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Home » Movies

Review of HAPPY-GO-LUCKY

Submitted by on October 8, 2008 – 11:15 pm 6 Comments

I consider myself a pretty happy person. Of course I have my grumpy days but it takes a lot for me to stop being optimistic. So I looked forward to seeing a movie called Happy-Go-Lucky (limited release Oct. 10), the latest offering from Mike Leigh (Vera Drake, Secrets and Lies). I’d heard buzz from the festivals that this movie is guaranteed to make me happy. Instead I was slightly annoyed.

The very capable Sally Hawkins stars as Poppy, a grade school teacher who embodies the titular state of being. Even when her bike is stolen, she only regrets not having had the chance to say goodbye to it. She lives with her best friend in a rented flat, goes clubbing on weekends, and takes driving lessons every Saturday from an instructor who’s always angry. Her younger sister thinks she’s being irresponsible by not buying a house and settling down to start a family but Peppy–er, Poppy–insists she’s happy and loves her life.

It’s to Hawkins’s credit that Poppy is likable but at times the script makes her do implausible and foolhardy things, all because she’s so trusting in the goodness of people. In one scene, she’s walking home alone at night in a scary part of town (already unwise) when she sees an intimidating-looking homeless man. Though the man seems unstable and ready to erupt into violence, she sits and chats with him for awhile because she doesn’t want him to be alone. It’s an incredibly altruistic act but if this movie weren’t a comedy–or if it were real life–there’d be a very good chance she wouldn’t emerge unharmed from the encounter.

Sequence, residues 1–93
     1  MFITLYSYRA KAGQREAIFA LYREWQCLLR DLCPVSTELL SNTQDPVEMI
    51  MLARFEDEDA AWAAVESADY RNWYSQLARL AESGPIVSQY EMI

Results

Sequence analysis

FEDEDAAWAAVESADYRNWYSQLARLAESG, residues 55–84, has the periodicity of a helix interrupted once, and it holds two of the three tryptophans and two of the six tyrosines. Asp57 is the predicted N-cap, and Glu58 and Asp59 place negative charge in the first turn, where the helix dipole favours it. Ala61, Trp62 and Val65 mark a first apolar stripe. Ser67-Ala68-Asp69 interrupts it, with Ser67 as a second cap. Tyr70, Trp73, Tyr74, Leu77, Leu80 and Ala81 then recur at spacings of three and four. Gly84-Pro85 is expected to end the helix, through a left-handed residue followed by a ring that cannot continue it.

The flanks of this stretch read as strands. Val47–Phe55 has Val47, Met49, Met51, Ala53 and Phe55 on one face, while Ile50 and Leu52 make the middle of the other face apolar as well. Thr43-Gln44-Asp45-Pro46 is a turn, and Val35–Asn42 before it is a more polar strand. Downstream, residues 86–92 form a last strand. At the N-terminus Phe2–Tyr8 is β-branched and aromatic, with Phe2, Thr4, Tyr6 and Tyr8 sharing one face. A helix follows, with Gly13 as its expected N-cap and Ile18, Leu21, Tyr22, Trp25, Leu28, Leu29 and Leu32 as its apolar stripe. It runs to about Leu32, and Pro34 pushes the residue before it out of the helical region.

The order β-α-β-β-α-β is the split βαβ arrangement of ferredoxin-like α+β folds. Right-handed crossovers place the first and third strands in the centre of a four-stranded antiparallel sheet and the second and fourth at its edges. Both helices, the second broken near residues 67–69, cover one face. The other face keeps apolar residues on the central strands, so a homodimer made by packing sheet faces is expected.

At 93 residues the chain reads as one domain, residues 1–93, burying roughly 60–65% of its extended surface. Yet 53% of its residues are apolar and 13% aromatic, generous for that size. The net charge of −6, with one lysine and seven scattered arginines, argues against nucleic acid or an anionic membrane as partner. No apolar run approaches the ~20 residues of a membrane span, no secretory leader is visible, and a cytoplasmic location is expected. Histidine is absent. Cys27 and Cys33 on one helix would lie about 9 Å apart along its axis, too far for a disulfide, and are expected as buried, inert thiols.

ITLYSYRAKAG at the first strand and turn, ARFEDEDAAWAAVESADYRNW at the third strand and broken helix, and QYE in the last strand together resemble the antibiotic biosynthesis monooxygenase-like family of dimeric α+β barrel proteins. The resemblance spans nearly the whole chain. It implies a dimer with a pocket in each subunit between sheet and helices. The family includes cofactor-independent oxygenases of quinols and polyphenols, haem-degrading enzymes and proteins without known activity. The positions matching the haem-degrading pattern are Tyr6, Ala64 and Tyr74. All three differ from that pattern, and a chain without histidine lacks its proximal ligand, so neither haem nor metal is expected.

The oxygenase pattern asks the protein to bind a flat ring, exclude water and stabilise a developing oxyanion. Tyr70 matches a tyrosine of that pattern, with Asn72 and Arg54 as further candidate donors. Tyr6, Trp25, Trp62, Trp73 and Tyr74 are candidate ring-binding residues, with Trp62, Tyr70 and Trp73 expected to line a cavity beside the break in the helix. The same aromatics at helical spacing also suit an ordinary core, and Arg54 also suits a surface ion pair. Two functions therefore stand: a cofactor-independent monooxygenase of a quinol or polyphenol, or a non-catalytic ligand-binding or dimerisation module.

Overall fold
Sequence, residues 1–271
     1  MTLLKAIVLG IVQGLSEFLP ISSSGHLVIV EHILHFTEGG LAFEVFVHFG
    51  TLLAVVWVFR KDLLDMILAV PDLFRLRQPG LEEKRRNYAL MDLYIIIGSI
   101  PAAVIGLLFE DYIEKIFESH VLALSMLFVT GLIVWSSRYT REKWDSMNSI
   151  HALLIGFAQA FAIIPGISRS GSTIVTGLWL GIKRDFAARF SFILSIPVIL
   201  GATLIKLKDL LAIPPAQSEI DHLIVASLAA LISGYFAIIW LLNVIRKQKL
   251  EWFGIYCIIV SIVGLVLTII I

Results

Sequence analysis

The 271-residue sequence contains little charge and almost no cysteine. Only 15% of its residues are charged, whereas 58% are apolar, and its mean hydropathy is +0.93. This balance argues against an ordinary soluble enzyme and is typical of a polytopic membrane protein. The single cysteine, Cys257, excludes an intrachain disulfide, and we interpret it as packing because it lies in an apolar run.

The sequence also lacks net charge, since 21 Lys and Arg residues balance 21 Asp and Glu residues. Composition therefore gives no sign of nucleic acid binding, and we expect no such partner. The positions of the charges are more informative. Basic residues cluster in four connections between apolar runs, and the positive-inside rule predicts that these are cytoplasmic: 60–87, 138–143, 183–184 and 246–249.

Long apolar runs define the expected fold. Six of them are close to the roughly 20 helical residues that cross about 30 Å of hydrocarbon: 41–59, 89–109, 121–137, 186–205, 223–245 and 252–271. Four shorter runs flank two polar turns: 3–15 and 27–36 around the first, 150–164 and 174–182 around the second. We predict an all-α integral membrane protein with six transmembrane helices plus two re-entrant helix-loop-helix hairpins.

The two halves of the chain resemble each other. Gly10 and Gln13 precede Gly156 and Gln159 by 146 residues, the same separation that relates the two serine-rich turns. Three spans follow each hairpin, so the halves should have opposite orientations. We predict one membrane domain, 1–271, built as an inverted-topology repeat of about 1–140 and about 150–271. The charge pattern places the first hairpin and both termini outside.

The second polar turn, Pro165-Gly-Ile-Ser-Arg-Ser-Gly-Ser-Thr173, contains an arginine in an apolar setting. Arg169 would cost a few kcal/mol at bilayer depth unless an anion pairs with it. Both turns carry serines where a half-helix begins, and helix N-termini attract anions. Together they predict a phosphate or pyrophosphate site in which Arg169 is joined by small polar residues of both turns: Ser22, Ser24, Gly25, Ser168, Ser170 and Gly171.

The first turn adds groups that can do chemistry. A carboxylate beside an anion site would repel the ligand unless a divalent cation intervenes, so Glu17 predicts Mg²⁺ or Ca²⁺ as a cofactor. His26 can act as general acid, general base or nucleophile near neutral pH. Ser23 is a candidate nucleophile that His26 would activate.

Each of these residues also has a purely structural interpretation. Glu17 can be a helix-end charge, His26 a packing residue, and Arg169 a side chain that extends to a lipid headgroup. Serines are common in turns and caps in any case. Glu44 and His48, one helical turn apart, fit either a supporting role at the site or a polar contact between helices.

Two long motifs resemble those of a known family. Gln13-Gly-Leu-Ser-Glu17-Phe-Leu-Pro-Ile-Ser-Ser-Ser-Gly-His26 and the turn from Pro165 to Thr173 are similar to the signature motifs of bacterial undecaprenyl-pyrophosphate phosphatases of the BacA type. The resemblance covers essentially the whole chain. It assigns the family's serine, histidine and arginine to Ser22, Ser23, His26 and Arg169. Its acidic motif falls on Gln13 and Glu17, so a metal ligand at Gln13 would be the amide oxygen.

Poppy’s exuberance becomes exhausting at times, with Hawkins constantly giggling, rolling her eyes, making faces, doing funny voices, acting cute. It’s as though her personality has only one note. It’d be frustrating trying to have a serious conversation with someone like Poppy because she responds to everything with a joke. I’d wonder what she’s covering up with all the funny stuff. It’s not until near the end of the movie that Poppy has some sobering moments and it’s nice to see she can actually feel a different emotion.

I certainly don’t dislike generally happy people; I much prefer them to gloom-and-doom types. I just wanted Poppy to have a more three-dimensional disposition–that’s to say, more recognizably human–and perhaps an explanation of why she’s the way she is.

Rating: Okay

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